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Turtle3863

One Ticked Off Paying Cacher

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The below cache was put on hold for being too commercial, by a reviewer that is not from this area and could not understand how a community could have pride in being the home city of a major corporation. If we start getting this picky over cache approving, I am afraid that all creativity will be gone and all caches will become light poll caches because that is all that will get approved. My record is a good one, I have made quality caches and all my local cacher would agree. I hope it does not come to this. You judge for yourself, the cache is below:

 

First in a series of caches on corporations that call Louisville home.

 

 

Yum! Brands, Inc. is the world’s largest restaurant company with more than 33,000 restaurants in over 100 countries and territories and more than 840,000 employees worldwide. Four of their restaurant brands -- KFC, Long John Silver's, Pizza Hut and Taco Bell -- are the global leaders of the chicken, quick-service seafood, pizza and Mexican-style food categories respectively. A&W Restaurants is the longest running quick-service franchise chain in America.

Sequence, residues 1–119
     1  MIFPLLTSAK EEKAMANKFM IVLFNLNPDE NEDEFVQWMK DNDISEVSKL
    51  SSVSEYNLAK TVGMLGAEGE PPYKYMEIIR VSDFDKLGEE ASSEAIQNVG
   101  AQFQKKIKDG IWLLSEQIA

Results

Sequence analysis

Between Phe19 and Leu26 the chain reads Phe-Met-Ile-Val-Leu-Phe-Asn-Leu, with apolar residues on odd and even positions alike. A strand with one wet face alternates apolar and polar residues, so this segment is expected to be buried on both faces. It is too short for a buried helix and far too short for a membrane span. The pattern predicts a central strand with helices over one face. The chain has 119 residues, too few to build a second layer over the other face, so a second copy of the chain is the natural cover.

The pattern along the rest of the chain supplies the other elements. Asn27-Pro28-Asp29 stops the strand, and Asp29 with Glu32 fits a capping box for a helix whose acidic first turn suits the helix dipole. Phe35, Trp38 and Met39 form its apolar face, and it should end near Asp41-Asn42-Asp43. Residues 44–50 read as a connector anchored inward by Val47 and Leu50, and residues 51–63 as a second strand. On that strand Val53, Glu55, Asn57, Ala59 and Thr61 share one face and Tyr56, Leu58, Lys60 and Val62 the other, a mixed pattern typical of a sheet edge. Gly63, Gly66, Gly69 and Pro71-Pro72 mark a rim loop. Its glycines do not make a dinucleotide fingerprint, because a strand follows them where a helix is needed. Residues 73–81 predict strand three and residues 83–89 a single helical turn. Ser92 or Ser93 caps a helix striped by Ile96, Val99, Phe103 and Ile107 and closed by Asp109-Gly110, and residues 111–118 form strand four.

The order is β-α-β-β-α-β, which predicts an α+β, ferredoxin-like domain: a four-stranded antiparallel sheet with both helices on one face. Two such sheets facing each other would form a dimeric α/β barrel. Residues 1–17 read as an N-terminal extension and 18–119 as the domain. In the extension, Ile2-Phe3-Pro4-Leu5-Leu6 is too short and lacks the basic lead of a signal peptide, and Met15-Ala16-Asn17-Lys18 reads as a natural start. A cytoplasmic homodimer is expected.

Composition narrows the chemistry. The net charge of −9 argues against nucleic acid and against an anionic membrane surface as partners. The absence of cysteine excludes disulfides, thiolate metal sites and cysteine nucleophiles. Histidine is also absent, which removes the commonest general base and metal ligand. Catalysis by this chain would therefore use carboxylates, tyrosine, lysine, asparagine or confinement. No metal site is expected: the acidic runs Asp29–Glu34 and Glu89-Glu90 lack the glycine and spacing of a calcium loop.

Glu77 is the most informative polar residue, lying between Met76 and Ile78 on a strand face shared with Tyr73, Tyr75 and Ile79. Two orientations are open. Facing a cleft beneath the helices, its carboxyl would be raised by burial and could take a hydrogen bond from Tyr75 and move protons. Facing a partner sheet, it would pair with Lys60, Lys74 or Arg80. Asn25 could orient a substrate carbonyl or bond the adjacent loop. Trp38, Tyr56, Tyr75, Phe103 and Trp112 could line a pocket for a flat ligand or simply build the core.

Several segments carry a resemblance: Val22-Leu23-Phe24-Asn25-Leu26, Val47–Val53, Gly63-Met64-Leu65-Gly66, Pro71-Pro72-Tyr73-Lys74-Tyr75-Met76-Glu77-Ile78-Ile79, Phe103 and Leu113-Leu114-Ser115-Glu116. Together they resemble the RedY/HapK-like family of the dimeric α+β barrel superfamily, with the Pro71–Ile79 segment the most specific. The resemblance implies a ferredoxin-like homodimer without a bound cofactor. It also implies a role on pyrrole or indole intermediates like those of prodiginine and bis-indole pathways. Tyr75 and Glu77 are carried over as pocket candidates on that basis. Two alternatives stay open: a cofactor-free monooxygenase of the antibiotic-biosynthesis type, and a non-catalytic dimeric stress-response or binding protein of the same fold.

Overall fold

KFC has always been based out of Louisville and Pizza Hut and Taco Bell who were under PepsiCo merged to form Tricom. After acquisition of Long Johns Silvers and A & W the Yum brand was adopted.

 

On a personal note: My late father has told me that the original pressure cooker that Harlan Sanders first cooked his famous pressure cooked chicken in, is displayed in a glass case in the Yum Brands headquarters on Gardner Lane.

 

Do not park in the Yum parking lot. If you take Colonel Sanders Lane to the end, you can park 15 feet from the cache.